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Microsoft Takes Stands Against Spam, Sanctions

"I cater my services to professional bulk e-mail marketers," he said. "If we find out such e-mail marketing was done illegally we make every effort to warn users. Then if they do it again they get kicked off our network."

He said an advertisement on his Web site linking to information on "World Wide Spam" should not be taken seriously, calling it freedom of speech and not an expression of his site's policies.

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For spammers, bulletproof hosting and secure Internet connections are as necessary as oxygen. It will be interesting to see if other Internet providers or prosecutors follow suit in attacking the air supply.

Speaking of spam, sectors of the Internet world are still buzzing over the release of a Microsoft patent application that appears to claim rights to the underlying method being used or proposed by companies to better determine whether e-mail is coming from a trusted source.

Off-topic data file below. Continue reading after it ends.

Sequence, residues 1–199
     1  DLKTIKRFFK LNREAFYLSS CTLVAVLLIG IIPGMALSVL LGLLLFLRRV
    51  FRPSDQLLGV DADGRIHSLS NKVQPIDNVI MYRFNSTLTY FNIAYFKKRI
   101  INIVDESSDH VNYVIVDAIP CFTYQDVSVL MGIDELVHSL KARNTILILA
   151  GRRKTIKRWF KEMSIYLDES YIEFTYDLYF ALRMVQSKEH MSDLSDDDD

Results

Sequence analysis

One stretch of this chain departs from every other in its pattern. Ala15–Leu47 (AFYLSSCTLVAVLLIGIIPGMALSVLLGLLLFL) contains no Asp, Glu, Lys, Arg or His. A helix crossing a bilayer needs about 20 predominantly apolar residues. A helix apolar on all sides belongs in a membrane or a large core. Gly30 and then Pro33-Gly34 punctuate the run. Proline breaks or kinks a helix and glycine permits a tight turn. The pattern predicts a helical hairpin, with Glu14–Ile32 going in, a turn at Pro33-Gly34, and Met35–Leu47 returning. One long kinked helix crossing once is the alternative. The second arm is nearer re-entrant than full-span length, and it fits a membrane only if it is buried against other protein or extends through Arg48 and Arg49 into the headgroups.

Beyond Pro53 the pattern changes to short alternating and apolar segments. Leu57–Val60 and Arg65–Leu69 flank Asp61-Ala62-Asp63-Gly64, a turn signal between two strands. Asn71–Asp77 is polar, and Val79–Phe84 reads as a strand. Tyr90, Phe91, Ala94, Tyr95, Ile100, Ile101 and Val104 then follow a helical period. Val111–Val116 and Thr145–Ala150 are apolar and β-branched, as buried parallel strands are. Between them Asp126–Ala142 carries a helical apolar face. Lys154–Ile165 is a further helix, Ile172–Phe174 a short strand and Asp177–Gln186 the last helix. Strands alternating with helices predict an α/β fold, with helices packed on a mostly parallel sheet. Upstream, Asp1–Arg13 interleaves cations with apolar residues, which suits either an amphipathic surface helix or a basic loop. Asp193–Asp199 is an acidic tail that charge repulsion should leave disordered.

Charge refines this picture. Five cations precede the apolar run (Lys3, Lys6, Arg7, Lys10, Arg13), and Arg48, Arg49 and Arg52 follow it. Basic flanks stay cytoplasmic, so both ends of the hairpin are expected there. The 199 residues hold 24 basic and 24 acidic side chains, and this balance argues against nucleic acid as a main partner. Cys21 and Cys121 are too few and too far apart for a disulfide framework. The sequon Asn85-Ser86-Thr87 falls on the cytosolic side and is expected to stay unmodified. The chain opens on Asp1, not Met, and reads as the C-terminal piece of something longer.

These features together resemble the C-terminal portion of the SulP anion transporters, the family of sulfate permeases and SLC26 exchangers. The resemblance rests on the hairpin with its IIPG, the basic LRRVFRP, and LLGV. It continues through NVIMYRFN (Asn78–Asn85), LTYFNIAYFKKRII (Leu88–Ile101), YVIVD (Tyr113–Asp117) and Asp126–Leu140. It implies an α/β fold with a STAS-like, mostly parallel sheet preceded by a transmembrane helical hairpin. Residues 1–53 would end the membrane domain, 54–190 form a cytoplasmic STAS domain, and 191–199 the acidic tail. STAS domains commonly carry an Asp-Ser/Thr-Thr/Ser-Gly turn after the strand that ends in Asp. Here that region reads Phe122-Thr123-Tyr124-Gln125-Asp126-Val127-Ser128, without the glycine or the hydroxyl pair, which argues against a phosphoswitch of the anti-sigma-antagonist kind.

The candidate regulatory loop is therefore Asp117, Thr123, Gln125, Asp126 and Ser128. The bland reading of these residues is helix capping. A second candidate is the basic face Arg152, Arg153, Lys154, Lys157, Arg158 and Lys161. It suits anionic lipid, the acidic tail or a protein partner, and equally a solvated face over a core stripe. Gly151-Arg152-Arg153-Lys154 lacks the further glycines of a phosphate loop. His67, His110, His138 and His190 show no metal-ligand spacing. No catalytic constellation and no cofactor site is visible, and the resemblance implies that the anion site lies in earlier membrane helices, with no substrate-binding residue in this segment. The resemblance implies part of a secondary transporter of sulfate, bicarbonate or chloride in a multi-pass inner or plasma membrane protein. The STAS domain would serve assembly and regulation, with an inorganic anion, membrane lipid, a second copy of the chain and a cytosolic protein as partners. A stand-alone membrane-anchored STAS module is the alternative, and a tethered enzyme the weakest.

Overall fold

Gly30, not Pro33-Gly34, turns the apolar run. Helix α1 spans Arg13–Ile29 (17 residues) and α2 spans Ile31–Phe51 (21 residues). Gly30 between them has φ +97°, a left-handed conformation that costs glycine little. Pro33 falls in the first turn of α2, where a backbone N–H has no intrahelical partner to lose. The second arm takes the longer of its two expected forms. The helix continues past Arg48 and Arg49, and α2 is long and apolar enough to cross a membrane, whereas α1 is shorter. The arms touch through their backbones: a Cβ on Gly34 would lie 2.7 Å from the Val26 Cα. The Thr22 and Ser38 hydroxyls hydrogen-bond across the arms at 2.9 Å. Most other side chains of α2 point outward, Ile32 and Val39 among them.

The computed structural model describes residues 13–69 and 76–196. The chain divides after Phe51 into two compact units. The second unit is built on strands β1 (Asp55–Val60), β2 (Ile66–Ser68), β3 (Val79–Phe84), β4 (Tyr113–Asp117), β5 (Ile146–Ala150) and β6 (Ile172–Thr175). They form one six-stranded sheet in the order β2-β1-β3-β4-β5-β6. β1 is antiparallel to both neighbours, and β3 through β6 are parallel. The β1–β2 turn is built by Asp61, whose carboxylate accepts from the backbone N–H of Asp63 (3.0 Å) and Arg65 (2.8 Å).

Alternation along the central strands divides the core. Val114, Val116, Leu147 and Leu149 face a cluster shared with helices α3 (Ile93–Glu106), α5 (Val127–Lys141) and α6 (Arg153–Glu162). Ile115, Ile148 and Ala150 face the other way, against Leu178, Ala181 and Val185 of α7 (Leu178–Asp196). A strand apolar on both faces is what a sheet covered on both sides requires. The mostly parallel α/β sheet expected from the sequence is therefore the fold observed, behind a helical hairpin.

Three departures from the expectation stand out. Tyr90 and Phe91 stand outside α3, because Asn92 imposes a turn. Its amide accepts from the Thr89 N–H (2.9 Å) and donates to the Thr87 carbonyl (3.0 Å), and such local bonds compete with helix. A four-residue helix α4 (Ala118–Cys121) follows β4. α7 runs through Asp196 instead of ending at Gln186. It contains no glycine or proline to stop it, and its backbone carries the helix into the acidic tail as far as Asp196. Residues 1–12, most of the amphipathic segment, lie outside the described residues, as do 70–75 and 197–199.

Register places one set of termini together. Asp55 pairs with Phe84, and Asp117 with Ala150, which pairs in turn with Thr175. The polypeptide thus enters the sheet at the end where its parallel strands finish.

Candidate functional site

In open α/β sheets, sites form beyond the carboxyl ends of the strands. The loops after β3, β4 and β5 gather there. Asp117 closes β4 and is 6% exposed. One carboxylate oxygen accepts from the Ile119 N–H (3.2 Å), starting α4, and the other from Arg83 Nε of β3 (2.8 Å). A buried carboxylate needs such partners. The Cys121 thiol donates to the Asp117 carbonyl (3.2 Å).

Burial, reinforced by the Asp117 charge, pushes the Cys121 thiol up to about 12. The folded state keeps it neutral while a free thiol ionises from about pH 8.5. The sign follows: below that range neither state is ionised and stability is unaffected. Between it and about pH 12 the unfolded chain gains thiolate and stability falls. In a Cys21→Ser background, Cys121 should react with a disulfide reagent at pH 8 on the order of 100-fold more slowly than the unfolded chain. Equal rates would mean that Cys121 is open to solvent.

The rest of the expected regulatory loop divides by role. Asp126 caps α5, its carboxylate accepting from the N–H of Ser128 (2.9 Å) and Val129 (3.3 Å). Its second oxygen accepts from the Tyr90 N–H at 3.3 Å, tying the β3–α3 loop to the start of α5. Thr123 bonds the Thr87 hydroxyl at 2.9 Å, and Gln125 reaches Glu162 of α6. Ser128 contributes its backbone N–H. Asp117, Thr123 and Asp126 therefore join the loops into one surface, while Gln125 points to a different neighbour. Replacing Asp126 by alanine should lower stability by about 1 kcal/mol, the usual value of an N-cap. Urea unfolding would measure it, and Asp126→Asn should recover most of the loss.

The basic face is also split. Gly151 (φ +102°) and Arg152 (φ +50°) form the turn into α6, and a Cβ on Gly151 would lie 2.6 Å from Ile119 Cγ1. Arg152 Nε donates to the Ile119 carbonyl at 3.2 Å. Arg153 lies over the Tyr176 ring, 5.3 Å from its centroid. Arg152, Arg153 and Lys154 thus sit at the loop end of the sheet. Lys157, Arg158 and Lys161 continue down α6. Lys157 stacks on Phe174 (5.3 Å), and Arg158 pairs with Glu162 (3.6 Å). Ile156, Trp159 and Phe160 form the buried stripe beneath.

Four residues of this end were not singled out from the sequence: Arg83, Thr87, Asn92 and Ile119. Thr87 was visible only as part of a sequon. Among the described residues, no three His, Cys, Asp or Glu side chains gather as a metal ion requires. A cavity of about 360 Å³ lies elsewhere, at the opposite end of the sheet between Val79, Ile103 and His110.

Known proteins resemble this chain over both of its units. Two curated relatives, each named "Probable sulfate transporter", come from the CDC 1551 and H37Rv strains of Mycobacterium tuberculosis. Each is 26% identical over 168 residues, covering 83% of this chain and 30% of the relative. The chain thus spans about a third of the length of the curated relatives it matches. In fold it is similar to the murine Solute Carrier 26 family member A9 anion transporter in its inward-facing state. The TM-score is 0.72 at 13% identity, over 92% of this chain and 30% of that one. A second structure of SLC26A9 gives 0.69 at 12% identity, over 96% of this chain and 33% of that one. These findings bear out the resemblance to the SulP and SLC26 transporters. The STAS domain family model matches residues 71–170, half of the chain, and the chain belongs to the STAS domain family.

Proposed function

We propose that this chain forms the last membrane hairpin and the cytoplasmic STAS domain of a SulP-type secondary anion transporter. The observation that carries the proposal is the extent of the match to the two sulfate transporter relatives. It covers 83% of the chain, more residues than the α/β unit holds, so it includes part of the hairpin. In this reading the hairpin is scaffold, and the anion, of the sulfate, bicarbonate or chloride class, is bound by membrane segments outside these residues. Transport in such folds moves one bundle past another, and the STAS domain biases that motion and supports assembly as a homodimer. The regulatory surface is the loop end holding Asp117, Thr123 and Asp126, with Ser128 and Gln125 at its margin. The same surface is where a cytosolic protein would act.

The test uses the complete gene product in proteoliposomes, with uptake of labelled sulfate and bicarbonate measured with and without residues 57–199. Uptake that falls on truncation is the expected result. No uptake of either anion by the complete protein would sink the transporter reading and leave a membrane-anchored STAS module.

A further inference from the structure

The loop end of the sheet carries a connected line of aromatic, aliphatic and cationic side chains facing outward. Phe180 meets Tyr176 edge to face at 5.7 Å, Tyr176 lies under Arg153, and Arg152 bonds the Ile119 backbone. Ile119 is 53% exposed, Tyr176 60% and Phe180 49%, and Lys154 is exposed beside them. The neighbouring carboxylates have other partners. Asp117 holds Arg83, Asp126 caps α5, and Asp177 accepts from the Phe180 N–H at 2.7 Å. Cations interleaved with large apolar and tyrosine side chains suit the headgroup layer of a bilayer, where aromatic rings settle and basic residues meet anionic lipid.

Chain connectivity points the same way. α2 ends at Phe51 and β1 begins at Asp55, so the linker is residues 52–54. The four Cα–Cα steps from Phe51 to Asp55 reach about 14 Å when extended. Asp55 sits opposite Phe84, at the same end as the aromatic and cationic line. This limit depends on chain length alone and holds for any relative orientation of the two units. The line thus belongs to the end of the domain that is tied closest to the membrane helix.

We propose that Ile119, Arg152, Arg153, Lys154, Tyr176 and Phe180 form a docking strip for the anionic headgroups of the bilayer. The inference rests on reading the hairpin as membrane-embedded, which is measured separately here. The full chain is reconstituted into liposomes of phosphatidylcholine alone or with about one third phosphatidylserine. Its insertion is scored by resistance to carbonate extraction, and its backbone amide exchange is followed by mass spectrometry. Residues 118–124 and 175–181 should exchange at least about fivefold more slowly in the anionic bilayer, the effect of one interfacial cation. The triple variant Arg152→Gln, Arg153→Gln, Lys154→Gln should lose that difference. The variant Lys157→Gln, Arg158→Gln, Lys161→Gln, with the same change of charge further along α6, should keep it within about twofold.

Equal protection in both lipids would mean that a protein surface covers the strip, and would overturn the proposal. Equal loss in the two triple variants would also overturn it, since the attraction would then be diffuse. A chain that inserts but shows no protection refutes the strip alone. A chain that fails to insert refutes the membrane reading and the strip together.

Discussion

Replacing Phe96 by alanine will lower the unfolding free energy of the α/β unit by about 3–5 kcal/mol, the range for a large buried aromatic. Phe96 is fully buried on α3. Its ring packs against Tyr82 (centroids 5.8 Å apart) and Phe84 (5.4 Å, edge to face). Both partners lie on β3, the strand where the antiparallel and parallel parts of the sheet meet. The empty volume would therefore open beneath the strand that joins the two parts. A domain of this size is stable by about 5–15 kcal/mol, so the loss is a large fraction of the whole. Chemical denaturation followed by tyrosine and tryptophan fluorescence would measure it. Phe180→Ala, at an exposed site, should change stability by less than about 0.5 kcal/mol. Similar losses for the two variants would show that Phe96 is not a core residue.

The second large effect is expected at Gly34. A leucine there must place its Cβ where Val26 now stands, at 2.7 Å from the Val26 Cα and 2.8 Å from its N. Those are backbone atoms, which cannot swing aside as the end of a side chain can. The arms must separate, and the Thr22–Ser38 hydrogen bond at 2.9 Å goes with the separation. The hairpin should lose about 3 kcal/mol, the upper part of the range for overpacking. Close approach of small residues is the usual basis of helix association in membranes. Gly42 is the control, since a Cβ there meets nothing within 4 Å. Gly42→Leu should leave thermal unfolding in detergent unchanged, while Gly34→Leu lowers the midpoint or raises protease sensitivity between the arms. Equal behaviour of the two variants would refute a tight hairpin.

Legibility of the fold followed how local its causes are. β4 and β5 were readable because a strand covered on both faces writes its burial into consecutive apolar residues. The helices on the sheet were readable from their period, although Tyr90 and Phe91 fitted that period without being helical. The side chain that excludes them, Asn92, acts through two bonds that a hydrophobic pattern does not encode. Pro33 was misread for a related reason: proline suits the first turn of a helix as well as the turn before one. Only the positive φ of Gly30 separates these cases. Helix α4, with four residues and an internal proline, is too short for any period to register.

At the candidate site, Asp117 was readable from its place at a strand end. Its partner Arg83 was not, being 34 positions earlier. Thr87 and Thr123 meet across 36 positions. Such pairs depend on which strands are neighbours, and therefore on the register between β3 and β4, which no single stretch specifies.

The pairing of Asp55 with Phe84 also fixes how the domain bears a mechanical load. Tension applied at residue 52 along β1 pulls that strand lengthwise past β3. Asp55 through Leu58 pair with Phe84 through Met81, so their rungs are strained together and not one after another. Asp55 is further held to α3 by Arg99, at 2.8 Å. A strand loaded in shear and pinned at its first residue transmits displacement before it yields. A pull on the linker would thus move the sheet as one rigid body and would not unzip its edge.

As spam has overwhelmed e-mail traffic, industry has been hoping for widespread adoption of a system to certify "good" e-mail and block everything else, rather than trying to filter out spam.

Most of these system involve, at their core, the ability of a computer to look at an e-mail address and check it against databases of addresses authorized to send mail.

Microsoft worked with other companies and Internet standards-setters to come up with a unified approach.

Along the way, Microsoft sought to allay fears that it would try to co-opt the process by promising to share whatever technologies it developed for the greater good.

In its recently released patent application, Microsoft seeks rights for "the act of querying a name server for a list of network addresses authorized to send electronic messages for the sending domain."

Microsoft argues that is merely an application and that it is offering to license various authentication technologies at virtually no cost.


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